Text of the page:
Production and Properties of Copper and Copper Alloy Powders

Granular copper powder can be produced by a number of methods, the most important being atomization, electrolysis, hydrometallurgy and solid state reduction. Each method yields a powder having certain inherent characteristics.


Typically, copper is melted and the liquid metal flows through an orifice where it is struck by a high velocity stream of gas or liquid, usually water, thus breaking the molten metal into particles which solidify rapidly. Particle size and shape are influenced particularly by the atomizing medium, the pressure and the flow rate. Controlled small additions of deoxidizing elements, such as phosphorus, also influence the particle size and shape. After atomization and annealing in a reducing atmosphere to decrease any surface oxide formed during atomization, the product is milled, classified and blended to achieve the particle size distribution required.

The purity of the product depends on that of the raw material since refining of the melt prior to atomization is generally not practiced. Purity is generally over 99%. The powder can be made either spherical or irregular in shape. Particle size and shape, apparent density, (See Appendix A for definitions of technical terms) flow and green strength are influenced not only by atomization variables but also by controlling oxidation during atomization, subsequent reduction during annealing, and by final processing. Typical particle shapes are shown in Figure 1.

Figure 1. Particle Shapes
Irregular Rod-like
cabonyl (Fe)
from a liquid
Irregular Rod-like
of oxides
carbonyl (Ni)
Back to Top


Electrolytic copper powder is produced by following principles used in electroplating with the conditions changed to produce a loose powdery deposit rather than a smooth adherently solid layer. The formation of powder deposits that adhere loosely to the cathode is favored by low copper ion concentration in the electrolyte, high acid concentration and high cathode current density. The addition of colloids, such as glucose, results in the formation of a uniform copper deposit. The starting material is pure cathode copper. Properties of the powder depend on a number of variables including the concentration of sulfuric acid and copper sulfate, type and quantity of the addition agent, temperature of the electrolyte, the current density and the frequency of brush-down. After deposition, the powder is washed to remove all traces of the electrolyte, annealed in a reducing atmosphere, fed to high velocity impact mills to break up clusters, screened, classified and blended to the desired particle size distribution. The properties are influenced also by the temperature used in reducing the powder.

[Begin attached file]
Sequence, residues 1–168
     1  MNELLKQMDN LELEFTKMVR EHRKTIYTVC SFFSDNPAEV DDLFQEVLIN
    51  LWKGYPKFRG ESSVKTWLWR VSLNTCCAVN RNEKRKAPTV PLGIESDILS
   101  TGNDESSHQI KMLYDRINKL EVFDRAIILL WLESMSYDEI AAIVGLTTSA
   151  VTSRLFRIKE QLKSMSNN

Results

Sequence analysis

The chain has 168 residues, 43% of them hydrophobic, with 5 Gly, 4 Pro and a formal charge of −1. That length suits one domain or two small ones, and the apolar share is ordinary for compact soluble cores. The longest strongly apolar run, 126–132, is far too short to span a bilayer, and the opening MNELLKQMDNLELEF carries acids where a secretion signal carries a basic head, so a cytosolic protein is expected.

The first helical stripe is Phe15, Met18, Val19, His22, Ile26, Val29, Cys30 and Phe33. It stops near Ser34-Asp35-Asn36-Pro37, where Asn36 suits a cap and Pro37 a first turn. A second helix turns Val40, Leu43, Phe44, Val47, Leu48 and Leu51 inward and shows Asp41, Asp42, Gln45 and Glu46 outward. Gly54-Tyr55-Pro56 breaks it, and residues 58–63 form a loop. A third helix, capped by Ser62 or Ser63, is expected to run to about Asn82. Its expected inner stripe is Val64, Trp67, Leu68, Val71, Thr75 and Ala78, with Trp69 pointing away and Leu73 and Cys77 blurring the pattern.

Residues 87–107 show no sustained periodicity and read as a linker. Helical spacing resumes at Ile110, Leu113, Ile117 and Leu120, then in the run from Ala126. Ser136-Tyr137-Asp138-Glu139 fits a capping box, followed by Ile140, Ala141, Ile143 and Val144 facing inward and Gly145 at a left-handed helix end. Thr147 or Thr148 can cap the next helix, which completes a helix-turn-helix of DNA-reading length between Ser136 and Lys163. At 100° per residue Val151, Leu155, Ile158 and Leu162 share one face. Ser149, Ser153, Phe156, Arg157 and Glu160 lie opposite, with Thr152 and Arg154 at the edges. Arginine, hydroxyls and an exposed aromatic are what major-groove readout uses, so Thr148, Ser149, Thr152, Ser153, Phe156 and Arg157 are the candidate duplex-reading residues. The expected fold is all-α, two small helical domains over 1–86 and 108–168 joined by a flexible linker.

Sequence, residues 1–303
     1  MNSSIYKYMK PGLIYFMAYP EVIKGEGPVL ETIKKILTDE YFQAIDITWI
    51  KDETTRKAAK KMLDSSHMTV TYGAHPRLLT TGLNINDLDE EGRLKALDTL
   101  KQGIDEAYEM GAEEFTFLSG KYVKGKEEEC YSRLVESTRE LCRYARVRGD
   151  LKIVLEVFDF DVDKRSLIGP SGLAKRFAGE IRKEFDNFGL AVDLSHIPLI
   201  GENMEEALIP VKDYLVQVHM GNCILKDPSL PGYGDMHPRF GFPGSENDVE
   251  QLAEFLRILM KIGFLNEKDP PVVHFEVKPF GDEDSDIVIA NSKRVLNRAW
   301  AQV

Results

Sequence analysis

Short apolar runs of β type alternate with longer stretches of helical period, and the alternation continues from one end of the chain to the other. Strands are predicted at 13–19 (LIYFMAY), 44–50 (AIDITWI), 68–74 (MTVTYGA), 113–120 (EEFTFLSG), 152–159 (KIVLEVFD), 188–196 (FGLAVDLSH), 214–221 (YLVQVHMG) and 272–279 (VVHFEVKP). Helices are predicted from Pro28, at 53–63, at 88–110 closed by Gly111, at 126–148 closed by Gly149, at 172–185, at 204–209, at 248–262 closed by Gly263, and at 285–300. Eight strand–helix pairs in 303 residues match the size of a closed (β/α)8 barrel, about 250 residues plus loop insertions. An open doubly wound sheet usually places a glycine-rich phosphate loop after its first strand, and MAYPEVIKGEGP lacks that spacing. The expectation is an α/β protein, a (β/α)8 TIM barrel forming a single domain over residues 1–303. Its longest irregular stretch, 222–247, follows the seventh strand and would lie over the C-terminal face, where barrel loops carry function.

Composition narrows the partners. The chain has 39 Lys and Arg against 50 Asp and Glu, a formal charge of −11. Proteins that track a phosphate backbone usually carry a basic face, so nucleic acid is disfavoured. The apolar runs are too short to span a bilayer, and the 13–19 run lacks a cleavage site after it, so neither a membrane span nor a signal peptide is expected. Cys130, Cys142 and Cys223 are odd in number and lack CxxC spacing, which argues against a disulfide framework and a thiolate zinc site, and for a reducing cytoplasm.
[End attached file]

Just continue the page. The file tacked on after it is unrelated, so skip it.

The copper powder obtained by electrolysis is high purity material, averaging more than 99% copper. The powder is dendritic in shape as indicated in Figure 1. A wide range of powders having different apparent densities and high green strengths can be obtained by this method.

Back to Top


The hydrometallurgy process can be used to produce copper powder from cement copper, concentrates or scrap copper. The copper is leached from these materials with sulfuric acid or ammoniacal solutions and the pregnant solution is separated from the residue by filtration. The copper is precipitated from solution by reduction with hydrogen under pressure. In one process, for example, reduction is accomplished in an autoclave at 225-280F (107-138C) in one hour under a partial pressure of hydrogen of 400 psig (total pressure 425 psig) with a thickening agent added to minimize plating and control the particle size. During reduction, 90-95% of the copper is precipitated as powder. The powder is pumped as a slurry to a centrifuge where the powder is separated from the liquid and washed. The wet copper powder is dried in a reducing atmosphere, milled, classified and blended to achieve the particle size distribution desired. The physical characteristics of the powder can be varied over a considerable range. Temperature and time of reduction and the quantity of acrysol addition have a marked influence on the powder properties.

The process yields a high purity powder, averaging more than 99% copper. Generally, the powder obtained has fine particle sizes with relatively low apparent ensities and high green strength. The particle shape is indicated in Figure 1.

Back to Top

Solid State Reduction

In this method, oxides including mill scale are first ground to control particle size and then reduced by a gas, usually carbon monoxide, hydrogen or cracked natural gas at temperatures below the melting point of copper. Particle size and shape can be controlled within rather wide limits by varying the particle size and shape of the oxides, the reducing temperature, pressure and flow of the gas. The resulting powder is milled, classified and blended to the desired specifications.

The purity of the product depends on the purity of the oxide since there is no refining during the reduction process. Generally, the powders produced by this method tend to be porous and have high apparent densities and green strength. An irregular particle shape is obtained as is indicated in Figure 1.

Back to Top

Production of Alloy Powders

Most alloy powders are produced by atomization. Pre-blended powders are mixtures of the desired composition, with or without lubricant, which will form the alloy during sintering. Pre-alloyed powders are produced by atomization of the alloy composition by the methods mentioned for the production of copper powder. Pre-alloyed powder can also be produced by sintering a blend and grinding to obtain powder with desired characteristics.

Alloy powders are available commercially in various materials. They include brasses ranging from 95Cu-5Zn to 60Cu-40Zn (and leaded versions of these alloys), nickel silvers, tin bronzes, aluminum bronzes and beryllium bronzes. As mentioned previously, any copper alloy can be produced in powder form.

Back to Top

Production of Flake Powders

The powders discussed previously have been granular in form and are used primarily for the production of P/M parts. Flake powders are used for other purposes. Although pure copper powder is produced in flake form, most flake powder, the so-called &quot gold bronze" powders, is produced from alloys of copper with zinc and aluminum. Special colors are produced by modifying the base alloys with tin or nickel.